January 2006

Sunday, January 1st, 2006

In Washington, D.C., Rep. James
R. Langevin (RI) introduced H.R.
4390 to increase to three times
from once the number of times
federal agents may be allowed to
make compliance inspections of all
federally licensed firearms dealers.
Referred to the House Judiciary
Committee, cosponsors include
Reps. Corrine Brown (FL), Ed Case
(HI), Rosa DeLauro (CT), Patrick
J. Kennedy (RI), John Lewis (GA),
Carolyn McCarthy (NY), James P.
Moran (VA), Janice D. Schakowsky
(IL), Christopher Shays (CT), Chris
Van Hollen (MD), Robert I. Wexler
(FL), and Lynn Woolsey (CA) and
Del. Eleanor Holmes Norton (DC).
They call the proposal the Crackdown
on Deadbeat Dealers Act of
2005.
In Bellevue, Washington, CCRKBA
Executive Director Joe Waldron
praised the Wisconsin State
Senate and Assembly for passing
concealed carry legislation. The
Assembly modified the bill passed
by the Senate and sent it back to the
Senate for further action, expected
this month. “Wisconsin residents
have just as much right to defend
themselves as do the citizens in 46
other states,” Waldron stated. “Yet
anti-gun Gov. Jim Doyle, who once
again promises to veto this modest
legislation, is treating them like
second class citizens who cannot
be trusted with their own safety. It
makes me wonder why he expects
Wisconsin citizens to trust him in
the governor’s office. Wisconsin
gun owners and other supporters
of self-defense rights need to make
their feelings known.”
From Florida, Frank Barbera
of Spring Hill writes that a new law
passed last year re self-defense with
lethal force “does apply to incidents
outside the home. It applies to any
place you have a right to be, be it a
shopping center parking lot, a nurse
leaving her shift at a hospital at 2 AM,
preventing an attempt to highjack
your automobile, or even to prevent
physical harm from happening to
another person, even a stranger,
etc. The only difference in the law is
a victim no longer must back away
to escape. If your life is in danger,
you are allowed to use deadly force
to prevent it from happening.”
In New York City, anti-gun U.S.
Sen. Charles Schumer calls for an
“improved” gun database. He says
he wants all states to be required to
report stolen guns and guns involved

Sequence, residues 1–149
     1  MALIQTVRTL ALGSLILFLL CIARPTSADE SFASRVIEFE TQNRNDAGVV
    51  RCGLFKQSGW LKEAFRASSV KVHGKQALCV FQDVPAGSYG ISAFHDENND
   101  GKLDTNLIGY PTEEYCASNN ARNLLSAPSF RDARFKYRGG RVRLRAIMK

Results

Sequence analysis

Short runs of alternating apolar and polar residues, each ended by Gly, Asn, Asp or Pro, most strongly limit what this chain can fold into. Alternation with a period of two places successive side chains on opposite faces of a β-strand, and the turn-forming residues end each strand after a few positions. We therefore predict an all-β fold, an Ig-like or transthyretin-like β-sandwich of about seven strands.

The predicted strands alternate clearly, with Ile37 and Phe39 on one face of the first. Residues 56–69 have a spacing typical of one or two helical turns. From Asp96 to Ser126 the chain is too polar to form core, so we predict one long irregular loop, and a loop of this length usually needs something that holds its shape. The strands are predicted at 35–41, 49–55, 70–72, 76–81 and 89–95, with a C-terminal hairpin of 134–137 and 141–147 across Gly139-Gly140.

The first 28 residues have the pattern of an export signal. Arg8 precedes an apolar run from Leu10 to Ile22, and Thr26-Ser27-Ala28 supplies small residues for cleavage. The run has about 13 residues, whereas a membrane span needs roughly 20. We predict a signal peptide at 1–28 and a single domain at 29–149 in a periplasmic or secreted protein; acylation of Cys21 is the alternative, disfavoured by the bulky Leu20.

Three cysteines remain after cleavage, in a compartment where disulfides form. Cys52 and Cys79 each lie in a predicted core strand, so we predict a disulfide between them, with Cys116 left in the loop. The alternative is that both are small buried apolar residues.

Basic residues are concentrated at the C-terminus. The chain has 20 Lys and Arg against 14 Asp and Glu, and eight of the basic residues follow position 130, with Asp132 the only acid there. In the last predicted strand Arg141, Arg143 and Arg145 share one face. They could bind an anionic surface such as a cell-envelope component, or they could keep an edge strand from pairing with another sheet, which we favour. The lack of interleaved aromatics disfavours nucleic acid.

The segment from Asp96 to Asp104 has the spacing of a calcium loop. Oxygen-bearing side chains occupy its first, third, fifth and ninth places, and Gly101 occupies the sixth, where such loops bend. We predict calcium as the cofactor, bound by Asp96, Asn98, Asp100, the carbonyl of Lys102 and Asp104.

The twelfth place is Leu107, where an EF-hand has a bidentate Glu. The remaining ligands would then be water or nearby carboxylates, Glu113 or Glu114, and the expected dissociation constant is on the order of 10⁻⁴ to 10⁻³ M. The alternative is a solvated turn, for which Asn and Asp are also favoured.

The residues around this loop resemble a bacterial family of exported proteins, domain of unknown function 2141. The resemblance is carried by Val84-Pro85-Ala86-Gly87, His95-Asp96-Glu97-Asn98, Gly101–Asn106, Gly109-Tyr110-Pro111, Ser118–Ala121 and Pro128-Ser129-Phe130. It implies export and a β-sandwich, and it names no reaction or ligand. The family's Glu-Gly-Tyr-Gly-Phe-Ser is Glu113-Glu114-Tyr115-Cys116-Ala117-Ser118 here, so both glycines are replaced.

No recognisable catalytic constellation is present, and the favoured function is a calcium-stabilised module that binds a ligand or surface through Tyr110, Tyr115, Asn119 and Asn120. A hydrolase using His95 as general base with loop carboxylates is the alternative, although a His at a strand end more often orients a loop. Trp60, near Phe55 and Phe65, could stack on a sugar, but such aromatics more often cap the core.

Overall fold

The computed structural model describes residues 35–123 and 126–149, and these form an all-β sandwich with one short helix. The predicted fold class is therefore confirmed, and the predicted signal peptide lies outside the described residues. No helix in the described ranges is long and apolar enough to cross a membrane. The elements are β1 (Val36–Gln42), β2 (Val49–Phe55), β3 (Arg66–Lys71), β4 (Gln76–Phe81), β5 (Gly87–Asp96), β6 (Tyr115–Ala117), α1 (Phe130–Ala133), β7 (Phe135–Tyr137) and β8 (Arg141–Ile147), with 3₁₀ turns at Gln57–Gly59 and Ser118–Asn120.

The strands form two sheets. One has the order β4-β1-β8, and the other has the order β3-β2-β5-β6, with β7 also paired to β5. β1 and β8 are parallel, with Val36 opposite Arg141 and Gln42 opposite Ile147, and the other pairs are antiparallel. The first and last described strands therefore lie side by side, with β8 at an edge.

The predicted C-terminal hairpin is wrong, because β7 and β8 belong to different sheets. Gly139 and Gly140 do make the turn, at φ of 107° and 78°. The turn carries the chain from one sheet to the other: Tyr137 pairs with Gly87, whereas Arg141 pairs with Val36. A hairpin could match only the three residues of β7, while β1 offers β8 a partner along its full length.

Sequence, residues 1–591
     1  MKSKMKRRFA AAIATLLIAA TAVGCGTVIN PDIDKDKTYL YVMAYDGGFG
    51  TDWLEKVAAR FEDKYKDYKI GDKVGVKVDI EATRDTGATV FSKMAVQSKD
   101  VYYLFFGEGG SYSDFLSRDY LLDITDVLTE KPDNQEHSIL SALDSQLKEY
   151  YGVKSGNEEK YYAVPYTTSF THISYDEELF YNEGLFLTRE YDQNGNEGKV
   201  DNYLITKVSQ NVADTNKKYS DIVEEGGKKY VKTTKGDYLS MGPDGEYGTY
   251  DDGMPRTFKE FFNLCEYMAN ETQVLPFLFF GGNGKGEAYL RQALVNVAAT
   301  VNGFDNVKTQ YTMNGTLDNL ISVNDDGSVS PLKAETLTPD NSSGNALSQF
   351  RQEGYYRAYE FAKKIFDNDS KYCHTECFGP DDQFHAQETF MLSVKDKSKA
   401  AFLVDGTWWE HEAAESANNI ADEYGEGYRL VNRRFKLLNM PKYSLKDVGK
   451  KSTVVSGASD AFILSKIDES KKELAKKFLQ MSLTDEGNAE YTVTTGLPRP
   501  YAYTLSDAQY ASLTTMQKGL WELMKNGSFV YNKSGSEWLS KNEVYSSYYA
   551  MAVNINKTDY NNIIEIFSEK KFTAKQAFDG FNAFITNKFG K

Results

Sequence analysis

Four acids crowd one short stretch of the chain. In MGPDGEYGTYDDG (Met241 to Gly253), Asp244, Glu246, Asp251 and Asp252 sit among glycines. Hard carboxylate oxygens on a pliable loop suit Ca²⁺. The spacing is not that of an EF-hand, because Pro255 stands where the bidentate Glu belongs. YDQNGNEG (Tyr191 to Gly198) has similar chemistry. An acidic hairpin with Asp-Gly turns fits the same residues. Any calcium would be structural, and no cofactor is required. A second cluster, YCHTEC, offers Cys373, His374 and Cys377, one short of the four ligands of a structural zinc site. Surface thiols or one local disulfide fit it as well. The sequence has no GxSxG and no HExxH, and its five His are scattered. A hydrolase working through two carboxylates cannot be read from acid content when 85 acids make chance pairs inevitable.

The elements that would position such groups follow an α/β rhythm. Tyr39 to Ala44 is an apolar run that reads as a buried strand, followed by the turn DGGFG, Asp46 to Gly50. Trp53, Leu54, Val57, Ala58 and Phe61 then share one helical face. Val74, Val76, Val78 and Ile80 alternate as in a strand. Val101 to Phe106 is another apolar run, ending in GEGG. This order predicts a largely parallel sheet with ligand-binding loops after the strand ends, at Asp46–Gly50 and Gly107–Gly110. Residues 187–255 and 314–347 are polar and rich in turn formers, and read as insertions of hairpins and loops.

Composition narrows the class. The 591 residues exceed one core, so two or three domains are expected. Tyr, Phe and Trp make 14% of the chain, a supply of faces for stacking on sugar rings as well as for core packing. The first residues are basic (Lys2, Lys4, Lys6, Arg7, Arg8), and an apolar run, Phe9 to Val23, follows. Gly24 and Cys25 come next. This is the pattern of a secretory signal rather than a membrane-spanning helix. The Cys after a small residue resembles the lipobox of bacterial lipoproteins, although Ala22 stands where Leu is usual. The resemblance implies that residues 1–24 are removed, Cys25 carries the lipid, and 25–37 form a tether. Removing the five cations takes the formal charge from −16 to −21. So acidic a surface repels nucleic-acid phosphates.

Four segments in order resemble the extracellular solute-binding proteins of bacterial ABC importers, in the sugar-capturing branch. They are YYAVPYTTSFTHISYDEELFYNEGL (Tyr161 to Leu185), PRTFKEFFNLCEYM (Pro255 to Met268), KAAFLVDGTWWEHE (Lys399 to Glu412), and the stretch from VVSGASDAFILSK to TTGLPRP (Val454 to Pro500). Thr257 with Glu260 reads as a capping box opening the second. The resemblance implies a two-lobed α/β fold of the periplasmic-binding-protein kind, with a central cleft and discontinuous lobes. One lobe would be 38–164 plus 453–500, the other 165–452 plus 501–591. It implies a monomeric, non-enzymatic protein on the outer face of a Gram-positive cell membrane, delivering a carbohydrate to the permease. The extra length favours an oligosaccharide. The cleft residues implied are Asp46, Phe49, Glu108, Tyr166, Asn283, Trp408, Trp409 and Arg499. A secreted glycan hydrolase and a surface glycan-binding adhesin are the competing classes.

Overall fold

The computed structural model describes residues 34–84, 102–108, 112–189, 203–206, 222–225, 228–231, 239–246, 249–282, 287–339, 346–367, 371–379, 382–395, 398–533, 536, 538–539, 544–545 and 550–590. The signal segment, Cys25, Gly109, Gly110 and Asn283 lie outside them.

in crimes to a nationwide database.
Right now, about 25 states voluntarily
report such firearms. Speaking
last month at a press conference,
Schumer said that, of the illegal guns
recovered in New York City between
1988 and 2003, 92 percent were from
out of state. Patrick Lynch, President
of the Patrolmen’s Benevolent Association,
appeared at the conference
with Schumer and called the
proposed change “mandatory.”
“This past summer, members of
a Manhattan law firm went on a field
trip to Danbury, Connecticut, where
they spent an entire day at the range
without swinging bats or golf clubs,”
reports The New York Times. “The
members of Kobre & Kim LLP were
there not to hit and hack, but to lock
and load, and to experience the
thrill of firing pistols, rifles and even
submachine guns…In the last few
years, a growing number of professionals…
are abandoning traditional
company outings like softball, golf or
fishing, choosing instead to escape
the pressures of their busy workdays
by blowing off steam – and rounds
of ammunition – at shooting ranges
that give corporate retreats some of
the atmosphere of military attacks.”
Noting that “half of U.S. hunters
have annual household incomes
of $75,000 or more,” USA Today
reports that “hunting, fishing and
the shooting sports are storming
the mass market and luring upscale
consumers at a healthy clip. More
hunting and fishing lodges are vying
for corporate and family dollars. Millions
of anglers, hunters and target
shooters are shelling out billions of
dollars on gear, from $300 fly-fishing
rods to $10,000 shotguns…Many of
the enthusiasts are baby boomers in
their peak earning years, and their
kids are joining them, according
to industry groups and marketing
reports.”